WebStorm integrates with all of the major version control systems: Subversion, Mercurial, Git (including GitHub), Perforce, CVS, and TFS. It has its own shelving system that you can use to clean your working tree prior to an update from version control, as an alternative to using the version control system's shelving system (such as Git stash). WebStorm also tracks your local change history and displays changes inline with the option to easily revert; you can't lose work or break the code between commits unless you try really, really hard.
Performance is not really an issue when using WebStorm. Startup may be slower than Sublime Text, which is basically an editor, but it's faster than any of the other actual IDEs, and much faster than the Java-based IDEs NetBeans and Eclipse.
At a high level, WebStorm has enough documentation to get you started and to answer major questions. When you drill down, however, you may find yourself being sent to obsolete blog posts. In some cases, it was easier to experiment with the program and revert my files if necessary than to look up details of how things worked.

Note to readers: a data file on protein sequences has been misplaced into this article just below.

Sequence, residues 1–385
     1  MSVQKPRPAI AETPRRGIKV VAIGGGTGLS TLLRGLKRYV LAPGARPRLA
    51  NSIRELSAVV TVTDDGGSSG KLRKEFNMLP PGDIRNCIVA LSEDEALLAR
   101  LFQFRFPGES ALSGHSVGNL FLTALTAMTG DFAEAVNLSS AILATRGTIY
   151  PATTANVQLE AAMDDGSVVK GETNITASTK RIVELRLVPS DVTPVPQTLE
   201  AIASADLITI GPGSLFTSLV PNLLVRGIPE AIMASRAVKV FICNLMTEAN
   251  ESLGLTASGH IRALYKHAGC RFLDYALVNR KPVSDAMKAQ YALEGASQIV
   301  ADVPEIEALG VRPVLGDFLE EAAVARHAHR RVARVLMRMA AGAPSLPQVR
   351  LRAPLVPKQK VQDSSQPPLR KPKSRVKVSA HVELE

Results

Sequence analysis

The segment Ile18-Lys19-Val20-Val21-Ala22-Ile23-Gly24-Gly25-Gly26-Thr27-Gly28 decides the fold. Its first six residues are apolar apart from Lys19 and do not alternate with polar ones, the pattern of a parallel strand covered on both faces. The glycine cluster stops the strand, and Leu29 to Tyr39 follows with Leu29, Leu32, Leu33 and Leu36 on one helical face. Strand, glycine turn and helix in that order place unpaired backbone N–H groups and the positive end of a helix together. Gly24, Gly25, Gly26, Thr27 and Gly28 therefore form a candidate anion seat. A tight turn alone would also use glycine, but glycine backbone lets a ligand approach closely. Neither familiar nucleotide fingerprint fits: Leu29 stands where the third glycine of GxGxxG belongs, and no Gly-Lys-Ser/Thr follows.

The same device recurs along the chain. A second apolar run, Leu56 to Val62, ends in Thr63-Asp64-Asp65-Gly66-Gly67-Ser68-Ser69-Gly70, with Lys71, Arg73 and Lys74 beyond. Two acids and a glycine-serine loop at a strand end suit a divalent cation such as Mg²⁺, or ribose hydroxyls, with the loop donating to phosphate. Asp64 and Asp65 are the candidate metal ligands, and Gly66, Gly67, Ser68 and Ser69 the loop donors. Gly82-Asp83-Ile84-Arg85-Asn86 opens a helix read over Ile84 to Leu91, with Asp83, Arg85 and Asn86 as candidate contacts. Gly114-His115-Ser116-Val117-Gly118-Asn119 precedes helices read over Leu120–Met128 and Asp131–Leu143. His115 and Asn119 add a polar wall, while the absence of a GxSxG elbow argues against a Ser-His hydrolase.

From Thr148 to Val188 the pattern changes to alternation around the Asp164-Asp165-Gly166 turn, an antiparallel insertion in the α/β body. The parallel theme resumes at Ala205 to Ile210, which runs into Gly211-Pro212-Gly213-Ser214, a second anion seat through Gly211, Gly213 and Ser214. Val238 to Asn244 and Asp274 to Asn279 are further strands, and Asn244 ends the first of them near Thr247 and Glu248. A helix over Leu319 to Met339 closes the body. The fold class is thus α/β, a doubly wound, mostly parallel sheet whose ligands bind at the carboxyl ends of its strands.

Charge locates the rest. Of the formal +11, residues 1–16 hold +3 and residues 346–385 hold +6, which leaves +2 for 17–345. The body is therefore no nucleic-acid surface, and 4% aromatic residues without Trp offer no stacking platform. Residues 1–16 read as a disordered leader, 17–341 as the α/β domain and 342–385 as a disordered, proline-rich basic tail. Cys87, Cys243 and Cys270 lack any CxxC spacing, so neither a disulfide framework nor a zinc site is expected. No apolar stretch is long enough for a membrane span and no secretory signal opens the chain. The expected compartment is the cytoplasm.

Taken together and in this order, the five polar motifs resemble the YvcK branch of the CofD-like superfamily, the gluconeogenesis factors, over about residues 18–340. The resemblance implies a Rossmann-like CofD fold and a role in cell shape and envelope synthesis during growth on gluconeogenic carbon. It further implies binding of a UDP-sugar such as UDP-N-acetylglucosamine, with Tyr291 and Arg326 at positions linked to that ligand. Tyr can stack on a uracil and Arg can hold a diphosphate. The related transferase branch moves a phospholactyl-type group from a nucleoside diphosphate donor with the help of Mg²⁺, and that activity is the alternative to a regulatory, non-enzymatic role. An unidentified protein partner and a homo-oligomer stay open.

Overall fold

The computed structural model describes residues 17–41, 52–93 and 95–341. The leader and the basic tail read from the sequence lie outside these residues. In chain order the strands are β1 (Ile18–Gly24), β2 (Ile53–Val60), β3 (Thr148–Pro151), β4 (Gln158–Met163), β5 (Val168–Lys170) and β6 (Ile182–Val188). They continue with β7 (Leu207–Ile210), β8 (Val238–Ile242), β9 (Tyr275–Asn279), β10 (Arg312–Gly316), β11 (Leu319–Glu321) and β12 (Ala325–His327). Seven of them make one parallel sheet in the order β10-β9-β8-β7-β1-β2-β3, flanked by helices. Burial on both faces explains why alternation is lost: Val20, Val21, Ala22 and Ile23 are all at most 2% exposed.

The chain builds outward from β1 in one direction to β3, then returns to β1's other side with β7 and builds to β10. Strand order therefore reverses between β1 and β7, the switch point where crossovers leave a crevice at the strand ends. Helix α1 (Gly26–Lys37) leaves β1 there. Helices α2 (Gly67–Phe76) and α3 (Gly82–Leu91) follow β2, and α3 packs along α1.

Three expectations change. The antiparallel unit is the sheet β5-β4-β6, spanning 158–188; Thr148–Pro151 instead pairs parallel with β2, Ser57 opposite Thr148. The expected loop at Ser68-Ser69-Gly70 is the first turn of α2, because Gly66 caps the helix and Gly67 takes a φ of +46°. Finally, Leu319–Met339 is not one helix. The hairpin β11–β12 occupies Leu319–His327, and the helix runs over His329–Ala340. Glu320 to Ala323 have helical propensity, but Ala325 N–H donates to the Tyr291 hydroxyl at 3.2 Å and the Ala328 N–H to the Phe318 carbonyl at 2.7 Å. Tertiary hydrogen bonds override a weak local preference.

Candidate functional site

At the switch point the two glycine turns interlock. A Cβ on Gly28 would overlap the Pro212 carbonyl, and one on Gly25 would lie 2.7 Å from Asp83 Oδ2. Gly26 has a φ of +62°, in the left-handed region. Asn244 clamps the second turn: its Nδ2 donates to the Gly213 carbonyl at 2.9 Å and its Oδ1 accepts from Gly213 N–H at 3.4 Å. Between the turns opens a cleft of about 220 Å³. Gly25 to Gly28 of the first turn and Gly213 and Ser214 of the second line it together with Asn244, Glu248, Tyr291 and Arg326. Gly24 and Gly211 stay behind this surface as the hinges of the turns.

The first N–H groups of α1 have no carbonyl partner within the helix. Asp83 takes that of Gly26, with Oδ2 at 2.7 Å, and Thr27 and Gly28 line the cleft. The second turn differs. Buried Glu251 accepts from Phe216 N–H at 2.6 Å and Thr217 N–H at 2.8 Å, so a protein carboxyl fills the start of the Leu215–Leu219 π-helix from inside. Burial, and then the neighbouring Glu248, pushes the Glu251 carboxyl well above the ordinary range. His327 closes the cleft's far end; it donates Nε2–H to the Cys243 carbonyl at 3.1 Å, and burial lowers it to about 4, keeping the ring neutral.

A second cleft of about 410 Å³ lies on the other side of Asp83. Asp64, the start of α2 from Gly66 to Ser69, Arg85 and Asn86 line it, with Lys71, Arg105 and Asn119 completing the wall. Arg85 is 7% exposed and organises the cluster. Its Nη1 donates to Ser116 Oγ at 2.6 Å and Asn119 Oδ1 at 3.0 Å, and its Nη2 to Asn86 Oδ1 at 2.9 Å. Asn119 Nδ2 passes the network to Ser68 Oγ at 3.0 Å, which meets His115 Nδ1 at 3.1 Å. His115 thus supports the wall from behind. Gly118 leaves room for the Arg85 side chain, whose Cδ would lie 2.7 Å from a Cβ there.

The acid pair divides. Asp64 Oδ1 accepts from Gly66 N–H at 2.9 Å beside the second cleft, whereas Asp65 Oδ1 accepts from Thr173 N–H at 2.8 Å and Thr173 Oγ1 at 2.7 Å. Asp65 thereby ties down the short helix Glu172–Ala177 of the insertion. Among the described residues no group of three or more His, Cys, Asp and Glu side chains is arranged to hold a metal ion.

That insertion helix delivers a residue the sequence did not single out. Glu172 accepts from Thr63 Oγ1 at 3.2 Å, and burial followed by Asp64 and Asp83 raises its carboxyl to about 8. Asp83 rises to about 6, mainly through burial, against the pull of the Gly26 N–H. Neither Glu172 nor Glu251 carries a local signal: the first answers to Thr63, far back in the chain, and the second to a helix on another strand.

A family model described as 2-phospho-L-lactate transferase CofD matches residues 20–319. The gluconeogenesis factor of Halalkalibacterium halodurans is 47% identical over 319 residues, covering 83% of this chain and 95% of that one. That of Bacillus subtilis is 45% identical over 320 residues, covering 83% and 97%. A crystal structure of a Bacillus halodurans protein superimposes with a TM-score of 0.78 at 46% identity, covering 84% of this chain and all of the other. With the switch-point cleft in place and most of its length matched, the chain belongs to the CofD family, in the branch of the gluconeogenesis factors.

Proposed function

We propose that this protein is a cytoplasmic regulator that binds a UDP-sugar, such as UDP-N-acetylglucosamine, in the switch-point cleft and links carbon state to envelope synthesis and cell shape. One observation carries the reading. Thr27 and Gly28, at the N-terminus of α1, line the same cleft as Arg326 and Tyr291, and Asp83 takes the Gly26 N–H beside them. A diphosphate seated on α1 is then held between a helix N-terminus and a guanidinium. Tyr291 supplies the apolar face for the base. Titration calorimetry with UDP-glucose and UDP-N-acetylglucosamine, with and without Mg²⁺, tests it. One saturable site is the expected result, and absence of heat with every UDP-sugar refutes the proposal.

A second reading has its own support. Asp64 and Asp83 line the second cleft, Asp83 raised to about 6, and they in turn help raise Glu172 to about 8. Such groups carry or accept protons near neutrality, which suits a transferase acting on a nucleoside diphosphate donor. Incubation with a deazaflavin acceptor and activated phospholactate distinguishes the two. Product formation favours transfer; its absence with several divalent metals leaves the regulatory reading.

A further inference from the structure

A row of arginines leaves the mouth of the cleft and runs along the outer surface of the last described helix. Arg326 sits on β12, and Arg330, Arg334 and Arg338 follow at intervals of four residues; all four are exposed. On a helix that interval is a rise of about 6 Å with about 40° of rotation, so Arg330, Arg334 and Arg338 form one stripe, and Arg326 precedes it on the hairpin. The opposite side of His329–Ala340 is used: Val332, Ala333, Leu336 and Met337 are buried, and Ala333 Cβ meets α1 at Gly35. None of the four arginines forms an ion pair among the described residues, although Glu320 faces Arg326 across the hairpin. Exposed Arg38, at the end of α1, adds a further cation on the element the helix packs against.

|Sublime Text||Visual Studio 2013||WebStorm|
|Platforms||Windows, OS X (10.7 or higher), Linux||Windows 7 Service Pack 1 or later||Windows, OS X (10.5 or higher), Linux (GNOME or KDE desktop)|
|Cost||$70. Unlimited free trial with an occasional nag screen.||Ranges from free for Express SKUs to $13,299 ($4,249 annual renewal) for Ultimate with MSDN||Free to $99 depending on use and affiliation, including one year of upgrades. Additional years of upgrades are free to $49. You can use the same environment on Windows, OS X, or Linux with your single license key. 30-day free trial.|